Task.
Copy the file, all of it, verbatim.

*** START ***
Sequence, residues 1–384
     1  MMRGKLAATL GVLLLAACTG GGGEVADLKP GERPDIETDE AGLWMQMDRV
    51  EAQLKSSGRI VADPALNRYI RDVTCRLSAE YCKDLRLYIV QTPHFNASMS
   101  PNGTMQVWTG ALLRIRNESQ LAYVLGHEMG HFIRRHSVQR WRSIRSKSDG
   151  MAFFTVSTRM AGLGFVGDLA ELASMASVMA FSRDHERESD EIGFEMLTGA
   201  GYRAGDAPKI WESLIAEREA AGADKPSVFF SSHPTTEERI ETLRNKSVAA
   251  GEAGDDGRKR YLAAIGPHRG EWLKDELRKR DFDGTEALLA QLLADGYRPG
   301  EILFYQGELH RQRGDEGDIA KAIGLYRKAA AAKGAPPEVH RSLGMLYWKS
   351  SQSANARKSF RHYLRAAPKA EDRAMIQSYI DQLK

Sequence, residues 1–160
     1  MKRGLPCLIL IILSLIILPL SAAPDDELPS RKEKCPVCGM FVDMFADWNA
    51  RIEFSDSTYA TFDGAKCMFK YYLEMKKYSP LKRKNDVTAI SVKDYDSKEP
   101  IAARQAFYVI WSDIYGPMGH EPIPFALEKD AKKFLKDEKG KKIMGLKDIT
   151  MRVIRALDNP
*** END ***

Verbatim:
Sequence, residues 1–384
     1  MMRGKLAATL GVLLLAACTG GGGEVADLKP GERPDIETDE AGLWMQMDRV
    51  EAQLKSSGRI VADPALNRYI RDVTCRLSAE YCKDLRLYIV QTPHFNASMS
   101  PNGTMQVWTG ALLRIRNESQ LAYVLGHEMG HFIRRHSVQR WRSIRSKSDG
   151  MAFFTVSTRM AGLGFVGDLA ELASMASVMA FSRDHERESD EIGFEMLTGA
   201  GYRAGDAPKI WESLIAEREA AGADKPSVFF SSHPTTEERI ETLRNKSVAA
   251  GEAGDDGRKR YLAAIGPHRG EWLKDELRKR DFDGTEALLA QLLADGYRPG
   301  EILFYQGELH RQRGDEGDIA KAIGLYRKAA AAKGAPPEVH RSLGMLYWKS
   351  SQSANARKSF RHYLRAAPKA EDRAMIQSYI DQLK

Sequence, residues 1–160
     1  MKRGLPCLIL IILSLIILPL SAAPDDELPS RKEKCPVCGM FVDMFADWNA
    51  RIEFSDSTYA TFDGAKCMFK YYLEMKKYSP LKRKNDVTAI SVKDYDSKEP
   101  IAARQAFYVI WSDIYGPMGH EPIPFALEKD AKKFLKDEKG KKIMGLKDIT
   151  MRVIRALDNP